• F4. (meta)data are registered or indexed in a searchable resource

To be Accessible:
  • A1. (meta)data are retrievable by their identifier using a standardized communications protocol 
  • A1.1 the protocol is open, free, and universally implementable
  • A1.2 the protocol allows for an authentication and authorization procedure, where necessary 
  • A2. metadata are accessible, even when the data are no longer available

To be Interoperable:
  • I1. (meta)data use a formal, accessible, shared, and broadly applicable language for knowledge representation.
  • I2. (meta)data use vocabularies that follow FAIR principles 
  • I3. (meta)data include qualified references to other (meta)data 

To be Reusable:

  • R1. meta(data) are richly described with a plurality of accurate and relevant attributes 
  • R1.1. (meta)data are released with a clear and accessible data usage license 
  • R1.2. (meta)data are associated with detailed provenance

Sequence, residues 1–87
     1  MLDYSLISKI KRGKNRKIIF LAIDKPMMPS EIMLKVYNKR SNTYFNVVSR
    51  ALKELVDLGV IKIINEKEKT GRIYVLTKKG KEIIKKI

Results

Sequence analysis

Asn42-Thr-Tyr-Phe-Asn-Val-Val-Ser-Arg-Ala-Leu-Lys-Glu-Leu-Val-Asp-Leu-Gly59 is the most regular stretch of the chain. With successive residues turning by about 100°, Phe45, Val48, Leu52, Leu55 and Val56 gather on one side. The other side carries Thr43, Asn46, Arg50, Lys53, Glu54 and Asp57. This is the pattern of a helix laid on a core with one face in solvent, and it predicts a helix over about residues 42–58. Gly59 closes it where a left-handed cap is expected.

• R1.3. (meta)data meet domain-relevant community standards”2

These guiding principles benefit all stakeholders, including, as Wilkinson states, “researchers wanting to share, get credit, and reuse each other’s data and interpretations; professional data publishers offering their services; software and tool-builders providing data analysis and processing services such as reusable workflows; funding agencies (private and public) increasingly concerned with long-term data stewardship; and a data science community mining, integrating and analyzing new and existing data to advance discovery.”3

Wilkinson identifies several examples of FAIRness, including Dataverse, FAIRDOM, and Open PHACTS, and notes that the FAIR Guiding Principles have been adopted by a wide range of data management organizations across the globe.


1-3Wilkinson MD, Dumontier M, Aalbersberg IJ, Appleton G, Axton M, Baak A, Blomberg N, Boiten JW, da Silva Santos LB, Bourne PE, et al. The FAIR Guiding Principles for scientific data management and stewardship. Sci Data. 2016 Mar 15;3:160018. doi: 10.1038/sdata.2016.18. PubMed PMID: 26978244; PubMed Central PMCID: PMC4792175.

Tuesday, February 14, 2017

Love Your Data Week: Day 2 - Documenting, Describing, Defining

Today’s topic is “Documenting, Describing, Defining”, and so we’re taking the opportunity to highlight a platform that can help streamline those processes.